Jazz In Japan

In 1933 the first jazz cafe opened in Japan, and in a context of progressive openness towards the West, jazz has continued to infiltrate the big cities. Today, Japan has one of the most thriving Jazz communities in the world.

To some, ‘Jazz’ and ‘Japan’ may not be two words that you would associate together all too often, however like many corners of the world, jazz is comprehensively accepted as an important art form within their society. The Japanese are both passionate listeners and performers of jazz; The early mass appeal of jazz in Japan gave rise to a number of diligent jazz musicians, in particular Ryoichi Hattori and Koichi Sugii, two composers who created a distinctive kind of Japanese jazz music that set a precedent. Over the decades the genre has continued to evolve to become a revered and valued music form, particularly in places like Osaka and Tokyo. That enthusiasm has become transatlantic, and a Japanese owner now runs the most famous jazz club in the world, the Blue Note in New York.

Identifying the exact origin of the emergence of jazz in Japan is not that straightforward. The increasing number of Japanese citizens traveling to the United States had its role to play, as did overseas trips of both Americans and Filipino jazz bands, with their travels exposing them to this new style, a musical mix of African and American cultures – what the Japanese would call ‘Black music’. American military presence also played a big part, allowing jazz to grow and prosper in cities such as Tokyo, Nagoya, Kobe, and perhaps most pertinently, in Osaka. The city is still at the heart of the movement, nicknamed the “Japanese jazz mecca” by Ryichi Hattori.


When planning our trip to Japan and Osaka we were looking forward to the record stores and live venues, but the most enjoyable part of experiencing Jazz in Japan was in its bars. More like music library’s than bars, ‘Jazz Bird’ located in the mythical “Jazz Building of Osaka” was a fine example of this.

Nattori-san is the owner – he’s been collecting records and solely running the place for 43 years, rarely ever taking a day off, spending his days with his family and his nights behind the bar, drinking, smoking and talking jazz. Maybe an unhealthy lifestyle for some but he looks a lot younger than many other 72 -year olds.

Having got to Jazz Bird quite late on in the evening there was no one else in there – however there was a cool, quaint atmosphere, and despite the fact we were in complete unknown territory, there was a naturally warm, laid-back air about the place, with an immediate feeling of comfort. While selecting his next record Nattori-san welcomed us in; on came Lionel Hampton’s ‘Buzzing Around Wit The Bee’ and, we slotted seamlessly on our seats next to the bar, embracing and enjoying our first jazz experience in Japan.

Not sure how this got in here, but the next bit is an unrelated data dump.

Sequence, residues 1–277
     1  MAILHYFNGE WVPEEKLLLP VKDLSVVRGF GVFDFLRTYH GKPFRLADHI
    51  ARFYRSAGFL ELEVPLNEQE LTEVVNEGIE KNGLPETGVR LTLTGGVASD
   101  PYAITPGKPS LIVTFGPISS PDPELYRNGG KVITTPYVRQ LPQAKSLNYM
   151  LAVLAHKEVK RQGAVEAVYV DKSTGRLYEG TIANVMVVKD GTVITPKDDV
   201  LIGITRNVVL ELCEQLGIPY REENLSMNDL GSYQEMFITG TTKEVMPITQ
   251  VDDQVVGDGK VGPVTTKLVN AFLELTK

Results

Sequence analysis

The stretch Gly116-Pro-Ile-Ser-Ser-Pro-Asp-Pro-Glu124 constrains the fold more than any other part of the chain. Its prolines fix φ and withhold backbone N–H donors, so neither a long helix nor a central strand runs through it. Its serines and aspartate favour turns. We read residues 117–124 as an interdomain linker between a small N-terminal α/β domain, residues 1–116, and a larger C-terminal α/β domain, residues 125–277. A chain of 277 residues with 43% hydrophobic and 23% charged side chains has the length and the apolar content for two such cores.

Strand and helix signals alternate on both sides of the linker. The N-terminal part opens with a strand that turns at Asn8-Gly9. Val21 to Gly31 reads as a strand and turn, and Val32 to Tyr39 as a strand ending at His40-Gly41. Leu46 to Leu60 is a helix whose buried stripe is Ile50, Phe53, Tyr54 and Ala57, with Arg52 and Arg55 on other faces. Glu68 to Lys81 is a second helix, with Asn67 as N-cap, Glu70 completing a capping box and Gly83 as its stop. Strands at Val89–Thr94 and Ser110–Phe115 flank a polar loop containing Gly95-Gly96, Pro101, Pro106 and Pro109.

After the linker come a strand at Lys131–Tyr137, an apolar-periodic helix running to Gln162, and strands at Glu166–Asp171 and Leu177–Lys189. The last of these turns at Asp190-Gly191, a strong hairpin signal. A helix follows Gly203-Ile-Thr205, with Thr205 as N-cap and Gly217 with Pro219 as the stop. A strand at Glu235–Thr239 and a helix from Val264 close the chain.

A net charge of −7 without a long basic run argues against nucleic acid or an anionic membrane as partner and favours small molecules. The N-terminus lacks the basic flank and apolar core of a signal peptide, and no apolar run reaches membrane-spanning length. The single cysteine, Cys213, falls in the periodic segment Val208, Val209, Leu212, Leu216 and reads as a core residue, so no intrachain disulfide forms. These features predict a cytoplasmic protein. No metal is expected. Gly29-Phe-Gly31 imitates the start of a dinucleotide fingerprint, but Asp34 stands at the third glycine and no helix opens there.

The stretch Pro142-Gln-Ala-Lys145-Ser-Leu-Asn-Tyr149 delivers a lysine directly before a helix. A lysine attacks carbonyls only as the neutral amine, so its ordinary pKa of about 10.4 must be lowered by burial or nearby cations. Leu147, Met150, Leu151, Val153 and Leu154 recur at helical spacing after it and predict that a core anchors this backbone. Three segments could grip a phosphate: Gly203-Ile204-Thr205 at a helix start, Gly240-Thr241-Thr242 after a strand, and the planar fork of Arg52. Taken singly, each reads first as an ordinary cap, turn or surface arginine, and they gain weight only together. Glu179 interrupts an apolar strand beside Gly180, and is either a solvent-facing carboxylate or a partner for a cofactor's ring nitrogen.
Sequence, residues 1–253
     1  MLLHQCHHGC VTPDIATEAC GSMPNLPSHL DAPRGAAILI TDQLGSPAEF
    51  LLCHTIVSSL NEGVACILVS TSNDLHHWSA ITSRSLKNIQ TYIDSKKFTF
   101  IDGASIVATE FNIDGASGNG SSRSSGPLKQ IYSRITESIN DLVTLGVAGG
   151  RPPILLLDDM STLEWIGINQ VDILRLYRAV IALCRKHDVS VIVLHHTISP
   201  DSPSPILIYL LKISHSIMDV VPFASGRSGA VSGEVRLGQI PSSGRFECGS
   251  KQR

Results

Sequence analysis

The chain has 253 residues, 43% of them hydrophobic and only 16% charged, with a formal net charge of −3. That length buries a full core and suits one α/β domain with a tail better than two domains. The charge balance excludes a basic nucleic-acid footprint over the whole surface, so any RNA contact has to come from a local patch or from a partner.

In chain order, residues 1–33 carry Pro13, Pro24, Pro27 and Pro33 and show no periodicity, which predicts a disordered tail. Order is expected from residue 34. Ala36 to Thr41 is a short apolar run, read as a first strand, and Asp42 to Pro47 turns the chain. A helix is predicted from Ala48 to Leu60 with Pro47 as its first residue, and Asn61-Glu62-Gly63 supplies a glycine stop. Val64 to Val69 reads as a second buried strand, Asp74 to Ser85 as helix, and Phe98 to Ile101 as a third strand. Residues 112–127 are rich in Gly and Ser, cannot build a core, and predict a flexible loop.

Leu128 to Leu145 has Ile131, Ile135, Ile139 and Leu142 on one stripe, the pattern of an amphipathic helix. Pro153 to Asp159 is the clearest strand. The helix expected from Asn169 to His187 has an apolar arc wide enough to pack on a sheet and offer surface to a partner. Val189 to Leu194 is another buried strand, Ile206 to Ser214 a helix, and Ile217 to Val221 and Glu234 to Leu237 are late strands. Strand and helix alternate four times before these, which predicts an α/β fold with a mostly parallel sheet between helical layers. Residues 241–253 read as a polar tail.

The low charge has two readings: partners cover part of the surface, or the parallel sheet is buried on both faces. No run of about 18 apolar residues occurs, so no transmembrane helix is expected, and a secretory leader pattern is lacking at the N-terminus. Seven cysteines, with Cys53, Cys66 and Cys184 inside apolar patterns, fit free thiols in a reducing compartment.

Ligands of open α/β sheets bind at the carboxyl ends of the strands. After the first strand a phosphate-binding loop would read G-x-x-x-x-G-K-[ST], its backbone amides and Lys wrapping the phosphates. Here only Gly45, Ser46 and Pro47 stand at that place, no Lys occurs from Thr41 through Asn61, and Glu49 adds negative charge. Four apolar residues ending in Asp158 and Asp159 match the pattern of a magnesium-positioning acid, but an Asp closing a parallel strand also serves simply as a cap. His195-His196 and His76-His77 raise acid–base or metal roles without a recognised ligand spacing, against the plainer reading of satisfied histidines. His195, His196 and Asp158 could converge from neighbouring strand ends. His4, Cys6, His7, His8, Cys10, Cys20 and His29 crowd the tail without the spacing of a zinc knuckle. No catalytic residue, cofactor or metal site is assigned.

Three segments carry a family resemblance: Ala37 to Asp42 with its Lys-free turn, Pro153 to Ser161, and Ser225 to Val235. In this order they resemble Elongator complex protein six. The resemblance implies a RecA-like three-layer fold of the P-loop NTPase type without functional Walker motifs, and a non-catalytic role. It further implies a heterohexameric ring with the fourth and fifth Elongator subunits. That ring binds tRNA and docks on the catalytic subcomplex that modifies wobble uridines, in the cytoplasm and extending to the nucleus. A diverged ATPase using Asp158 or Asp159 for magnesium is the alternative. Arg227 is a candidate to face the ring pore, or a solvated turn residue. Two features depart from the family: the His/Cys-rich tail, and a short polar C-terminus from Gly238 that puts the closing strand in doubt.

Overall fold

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A lack of Japanese on our part didn’t stop Nattori and us enjoying a good conversation, especially when I showed him some of my purchases earlier that day from Bamboo Music, including a favourite recording of his, Cecil Taylor live in Tokyo, 1972. Talking jazz and drinking Japanese whisky with Nattori-san was one of the most enjoyable evenings we spent in Japan, and he fittingly ended with the classic, Charles Mingus presents Charles Mingus.

If you’re in Osaka and looking for high quality Jazz records then head straight to Bamboo Music, I picked up some really nice pieces there, especially in the Japanese Jazz section. The wealth of music and history of the genre in that small room is incredible, and the owners’ obvious knowledge and jazz sensibility accumulates in carefully considered stock, making for a very enjoyable afternoon of digging and listening.


Onto the city of Tokyo and having done our research on the Tokyo Jazz Site we found a very local and special hidden gem in JBS (Jazz, Blues, Soul). Tucked away in the backstreets and up on the 3rd floor you would be forgiven for walking straight past without ever knowing it was there.

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There’s a beautiful simplicity about JBS , owner Kobayashi-san has more than 15,000 records in his tiny bar with no other decor, except the wonderfully sounding handmade speakers. I’d never seen such a personal collection up close before and the thought of how many amazing pieces of music I was surrounded by was quite staggering, sured up by the great George Benson ‘Bad Benson’ LP playing as we strolled in.


Kobayashi-san, in his early 60’s was a quiet man with a deep knowledge and diligent passion of “Black Music”. He’s written frequently in magazines and journals about the history and sociological impact of Black Music on America and the world. Behind the bar are books with titles like “African-American Slang Dictionary”, “Hip-Hop Beats” and “The Death of Rhythm & Blues” alongside all the jazz disk guides.

JBS is simply a place that is about one thing only: music. You lose a sense of time in there. As we sat and watched Kobayashi put on another great Herbie Hancock album, ‘Cantaloupe Island’, a collaboration with the legendary trumpeter Freddie Hubbard, People just came along, listening to one great album after another.

For this JBS is a music library. Theres no bar, just a few bottles of good whisky and a few cold beers, every drink costs the same and you get access to an incredible collection. In the loud streets of Shibuya JBS was a true place of music sanctuary; one visit simply wasn’t enough.